In the Skins era it is hard to believe that a generation of teenagers, including a surprising number of boys, were captivated by Follyfoot. The show, which ran from 1971-1973, was co-produced by Yorkshire Television and TV Munich (broadcast in Germany under the title Die Follyfoot-Farm). It focuses on a horse rescue operation in rural Yorkshire and the young people who work there--Dora (Gillian Blake), Steve (Steve Hodson) and Ron (Christian Rodska)--under the kindly supervision of retired boxer Slugger (Arthur English) and the Colonel (Desmond Llewelyn), Dora's uncle.
The plot development is gradual, there is substantial dialogue, and the storylines always have a moral, either implicit or explicit. Yet Follyfoot spawned fan magazines, annuals, and a host of other tie-ins, and still inspires cult-like devotion amongst a certain generation of adults. Its theme tune, The Lightning Tree by the Settlers, was even a minor hit, and famous names such as Jack Cardiff were persuaded to guest on the show. The spin-off novels are excellent, written by Monica Dickens with the same attention to nuance and characterisation that she brought to her adult novels. Indeed, the series was initially inspired by Dickens' 1963 novel Cobbler's Dream--James Bolam of The Likely Lads was instrumental in pitching the idea to Yorkshire Television after reading the book.
The characters are Follyfoot's chief attraction. Dora is not the typical heroine of a teenage series. Posh, sensitive and withdrawn, she finds horses more congenial than people, and unthaws completely in their presence, which Blake's performance beautifully captures. Dora is experiencing the awkward intensity of a particular age, and her sweet disposition is prone to storms. She is assisted by the two boys who also work at the Farm: reliable and likeable Steve, haunted by an episode of trouble with the police, and slippery, larky Ron, whose anti-Establishment attitude expresses itself with denim and a very loud motorbike.
The relationships between the three are complex, explored with an emotional subtlety often missing from modern television shows, but entirely typical of seventies writing for children. Tensions bubble away under the surface, occasionally erupting in fistfights between the boys or Dora's crying fits. The tentative romance between Dora and Steve is hedged about by temperamental as well as class differences, though the viewer hopes that Steve will eventually abandon his internal struggle between impatience with Dora's hopeful idealism and disgust at his own pessimism, and Dora will become less vulnerable. There are various crises along the way, normally in the shape of rivals (or imagined rivals) for Steve's affections, though David Hemmings at one point appears, as a retired jockey, to bewitch poor Dora with his fatal fishy fascination. Meanwhile, the unspoken rivalry between Steve and Ron reaches its comical apotheosis in an episode surrounding Dora's birthday, involving a misappropriated birthday cake and an ill-advised jousting competition. The choice between Ron's wide-boy charm and Steve's earnest solidity probably exercised contemporary viewers more than Dora, who has the sense to see Steve's Darby and Joan potential, but for other teenagers the conflict no doubt provided a means of vicariously working through similar conflicts.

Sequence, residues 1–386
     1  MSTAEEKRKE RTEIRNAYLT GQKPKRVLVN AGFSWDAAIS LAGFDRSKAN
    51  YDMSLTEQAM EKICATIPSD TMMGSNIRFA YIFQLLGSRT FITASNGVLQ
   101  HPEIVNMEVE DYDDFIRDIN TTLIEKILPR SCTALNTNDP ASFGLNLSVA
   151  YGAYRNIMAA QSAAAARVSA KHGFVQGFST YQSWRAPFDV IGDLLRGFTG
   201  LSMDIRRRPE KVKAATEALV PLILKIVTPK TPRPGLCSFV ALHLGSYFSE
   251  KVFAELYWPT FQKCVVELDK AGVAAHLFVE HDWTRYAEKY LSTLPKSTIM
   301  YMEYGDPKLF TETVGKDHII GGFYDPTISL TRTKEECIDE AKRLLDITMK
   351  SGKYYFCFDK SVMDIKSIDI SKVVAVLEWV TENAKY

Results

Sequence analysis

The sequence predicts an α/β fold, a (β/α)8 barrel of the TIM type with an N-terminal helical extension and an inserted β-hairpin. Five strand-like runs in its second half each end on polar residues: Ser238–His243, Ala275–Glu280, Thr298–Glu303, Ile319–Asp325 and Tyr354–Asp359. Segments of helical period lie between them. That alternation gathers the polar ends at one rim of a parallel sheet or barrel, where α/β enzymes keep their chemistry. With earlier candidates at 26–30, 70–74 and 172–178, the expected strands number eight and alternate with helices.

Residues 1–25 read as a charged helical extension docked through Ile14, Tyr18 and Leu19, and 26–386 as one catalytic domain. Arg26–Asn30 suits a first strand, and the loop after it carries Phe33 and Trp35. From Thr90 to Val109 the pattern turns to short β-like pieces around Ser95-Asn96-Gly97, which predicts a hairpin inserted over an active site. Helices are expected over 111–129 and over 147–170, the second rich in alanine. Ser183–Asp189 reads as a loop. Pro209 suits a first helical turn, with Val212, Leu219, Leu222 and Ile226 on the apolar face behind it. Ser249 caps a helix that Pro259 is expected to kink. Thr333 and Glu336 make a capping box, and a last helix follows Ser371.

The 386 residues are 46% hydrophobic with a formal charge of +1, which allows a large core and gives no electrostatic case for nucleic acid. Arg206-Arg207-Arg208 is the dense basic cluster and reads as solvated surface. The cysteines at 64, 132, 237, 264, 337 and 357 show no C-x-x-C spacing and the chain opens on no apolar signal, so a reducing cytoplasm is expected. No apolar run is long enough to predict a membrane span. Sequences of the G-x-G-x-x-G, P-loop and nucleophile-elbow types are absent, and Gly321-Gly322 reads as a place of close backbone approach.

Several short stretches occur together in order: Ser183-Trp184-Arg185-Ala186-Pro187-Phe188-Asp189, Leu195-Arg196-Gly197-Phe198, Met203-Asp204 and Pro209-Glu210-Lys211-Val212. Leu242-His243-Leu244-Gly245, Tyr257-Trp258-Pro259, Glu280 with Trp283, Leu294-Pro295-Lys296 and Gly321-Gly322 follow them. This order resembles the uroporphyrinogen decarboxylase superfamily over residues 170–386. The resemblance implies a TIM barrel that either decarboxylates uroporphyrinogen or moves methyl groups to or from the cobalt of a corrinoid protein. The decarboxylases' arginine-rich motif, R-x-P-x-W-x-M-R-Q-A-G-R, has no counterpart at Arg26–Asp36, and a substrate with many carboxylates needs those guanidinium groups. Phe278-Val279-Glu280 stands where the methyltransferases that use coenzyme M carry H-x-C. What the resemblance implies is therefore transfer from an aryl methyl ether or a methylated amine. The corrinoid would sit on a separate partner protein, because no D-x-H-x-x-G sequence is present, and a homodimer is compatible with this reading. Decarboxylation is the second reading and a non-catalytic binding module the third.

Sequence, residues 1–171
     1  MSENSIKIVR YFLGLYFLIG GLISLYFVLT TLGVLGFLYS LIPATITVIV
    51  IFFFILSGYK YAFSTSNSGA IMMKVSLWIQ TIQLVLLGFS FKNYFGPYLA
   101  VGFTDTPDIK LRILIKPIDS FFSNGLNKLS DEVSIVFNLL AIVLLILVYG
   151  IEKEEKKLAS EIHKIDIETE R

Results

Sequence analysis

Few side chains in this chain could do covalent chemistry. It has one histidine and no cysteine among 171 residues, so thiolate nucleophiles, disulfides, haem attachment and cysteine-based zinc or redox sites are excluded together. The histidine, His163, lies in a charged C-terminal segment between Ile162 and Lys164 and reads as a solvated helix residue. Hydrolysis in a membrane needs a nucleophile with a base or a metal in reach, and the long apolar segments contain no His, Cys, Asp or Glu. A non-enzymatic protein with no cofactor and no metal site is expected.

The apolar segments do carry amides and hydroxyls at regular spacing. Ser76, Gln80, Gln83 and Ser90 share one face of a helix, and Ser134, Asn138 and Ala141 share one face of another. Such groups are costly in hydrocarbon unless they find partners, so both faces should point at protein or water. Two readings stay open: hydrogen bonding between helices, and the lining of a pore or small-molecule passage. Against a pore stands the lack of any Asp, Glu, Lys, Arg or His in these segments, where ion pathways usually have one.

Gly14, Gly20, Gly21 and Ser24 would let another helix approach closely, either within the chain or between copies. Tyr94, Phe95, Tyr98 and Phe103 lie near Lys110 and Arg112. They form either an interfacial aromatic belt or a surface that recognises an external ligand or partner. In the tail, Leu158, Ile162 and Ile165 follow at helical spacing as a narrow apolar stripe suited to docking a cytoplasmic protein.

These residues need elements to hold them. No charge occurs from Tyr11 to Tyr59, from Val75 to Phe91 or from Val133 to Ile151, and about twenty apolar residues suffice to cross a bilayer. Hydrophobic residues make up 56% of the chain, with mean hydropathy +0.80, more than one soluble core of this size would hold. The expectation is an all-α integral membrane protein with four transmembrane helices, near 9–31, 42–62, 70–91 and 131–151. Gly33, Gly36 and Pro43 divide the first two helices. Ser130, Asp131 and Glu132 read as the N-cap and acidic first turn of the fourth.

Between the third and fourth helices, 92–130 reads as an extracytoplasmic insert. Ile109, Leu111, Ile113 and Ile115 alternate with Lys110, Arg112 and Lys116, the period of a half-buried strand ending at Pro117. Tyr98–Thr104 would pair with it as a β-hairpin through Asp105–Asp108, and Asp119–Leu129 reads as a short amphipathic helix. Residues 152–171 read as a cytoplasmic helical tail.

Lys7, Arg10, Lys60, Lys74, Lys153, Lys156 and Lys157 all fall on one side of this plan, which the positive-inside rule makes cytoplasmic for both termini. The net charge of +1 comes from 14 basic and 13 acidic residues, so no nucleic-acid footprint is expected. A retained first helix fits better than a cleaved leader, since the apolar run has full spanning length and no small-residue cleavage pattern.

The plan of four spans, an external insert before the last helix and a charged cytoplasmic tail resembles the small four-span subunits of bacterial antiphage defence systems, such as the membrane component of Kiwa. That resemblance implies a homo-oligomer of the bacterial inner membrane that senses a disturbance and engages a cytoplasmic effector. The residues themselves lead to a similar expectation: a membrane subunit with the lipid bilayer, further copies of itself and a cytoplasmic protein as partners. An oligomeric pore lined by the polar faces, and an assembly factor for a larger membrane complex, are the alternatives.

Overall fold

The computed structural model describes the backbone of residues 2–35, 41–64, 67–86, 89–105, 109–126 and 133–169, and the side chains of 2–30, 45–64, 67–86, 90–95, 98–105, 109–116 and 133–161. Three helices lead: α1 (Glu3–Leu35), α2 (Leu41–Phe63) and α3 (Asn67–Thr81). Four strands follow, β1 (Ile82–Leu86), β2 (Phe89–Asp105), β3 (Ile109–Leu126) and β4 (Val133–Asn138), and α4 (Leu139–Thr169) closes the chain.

However, Follyfoot's top layer concerns heavyweight social issues: neglect and abuse of the helpless, usually horses; anti-Gypsyism; class injustice; the criminal justice system; exploitative capitalism; trauma; and broken and dysfunctional families (Dora is alienated from her cold parents, and Steve's search for his mother ultimately forces him to return to his "family of strangers" at the Farm). Though such themes were not uncommon at the time, their exploration in children's programming was highly unusual. The show's view of animals is ground-breaking, treating the horses as individuals in their own right, rather than as status symbols for 'Hunter Trials' types, to whom it displays a marked aversion. However, horses also become a metaphor for vulnerability and exclusion in general, in some cases representing their owners: miners and their pit ponies, Gypsies and their horses. The sympathy of outsiders bonds humans with animals at Follyfoot Farm. Dora is often asked why she keeps worn-out horses alive, and she always responds that it is because they deserve a rest.
The heavy weather is always lightened by a touch of farce--usually through the Slugger/Ron dynamic--and Follyfoot Farm itself remains largely untouched by the horrors of the adult world beyond, a sanctuary of innocence and profoundly good intentions. It mirrors the main characters' status between children and adults, not quite a nuclear family environment, but not really part of workaday reality either. The Farm's safety and warmth are strongly identified with Dora, and she eventually becomes its owner.
Though often formulaic, the show is much more than the sum of its delightful parts: the flares, shaggy haircuts, misted sunlight, banter, and Ron's bad Elvis impressions. Surely unrivalled in its tender understanding of the extreme highs and lows of adolescence, and with its consistent emphasis on empathy and charity, Follyfoot is deservedly treasured. It is notable in its evocation of close friendship across class boundaries and for a heroine who is willing to muck in (or--to make the obvious joke--muck out) with the best of them. Follyfoot conjures nostalgia for a time when privilege did not necessarily equate to a lack of compassion, although the episode The Innocents, about a local miners' strike, strikes an eerily prescient note. Is it reading too much into the series, produced in the early 1970s, to view it as one of the last expressions of a post-war social compact that was soon to fracture irreparably?--Isabel Taylor